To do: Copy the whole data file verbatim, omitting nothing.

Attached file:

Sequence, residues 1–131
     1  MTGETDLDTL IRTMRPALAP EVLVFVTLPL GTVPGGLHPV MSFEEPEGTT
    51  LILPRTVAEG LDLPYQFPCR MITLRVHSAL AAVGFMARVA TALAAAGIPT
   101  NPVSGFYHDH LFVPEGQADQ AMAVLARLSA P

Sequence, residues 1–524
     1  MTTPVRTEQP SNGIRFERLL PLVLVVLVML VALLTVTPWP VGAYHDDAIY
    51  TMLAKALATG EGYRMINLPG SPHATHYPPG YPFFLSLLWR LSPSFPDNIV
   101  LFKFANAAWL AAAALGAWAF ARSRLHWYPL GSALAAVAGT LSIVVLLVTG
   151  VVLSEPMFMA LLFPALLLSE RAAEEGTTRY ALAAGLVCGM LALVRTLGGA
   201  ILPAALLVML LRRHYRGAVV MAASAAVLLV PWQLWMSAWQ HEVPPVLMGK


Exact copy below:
Sequence, residues 1–131
     1  MTGETDLDTL IRTMRPALAP EVLVFVTLPL GTVPGGLHPV MSFEEPEGTT
    51  LILPRTVAEG LDLPYQFPCR MITLRVHSAL AAVGFMARVA TALAAAGIPT
   101  NPVSGFYHDH LFVPEGQADQ AMAVLARLSA P

Sequence, residues 1–524
     1  MTTPVRTEQP SNGIRFERLL PLVLVVLVML VALLTVTPWP VGAYHDDAIY
    51  TMLAKALATG EGYRMINLPG SPHATHYPPG YPFFLSLLWR LSPSFPDNIV
   101  LFKFANAAWL AAAALGAWAF ARSRLHWYPL GSALAAVAGT LSIVVLLVTG
   151  VVLSEPMFMA LLFPALLLSE RAAEEGTTRY ALAAGLVCGM LALVRTLGGA
   201  ILPAALLVML LRRHYRGAVV MAASAAVLLV PWQLWMSAWQ HEVPPVLMGK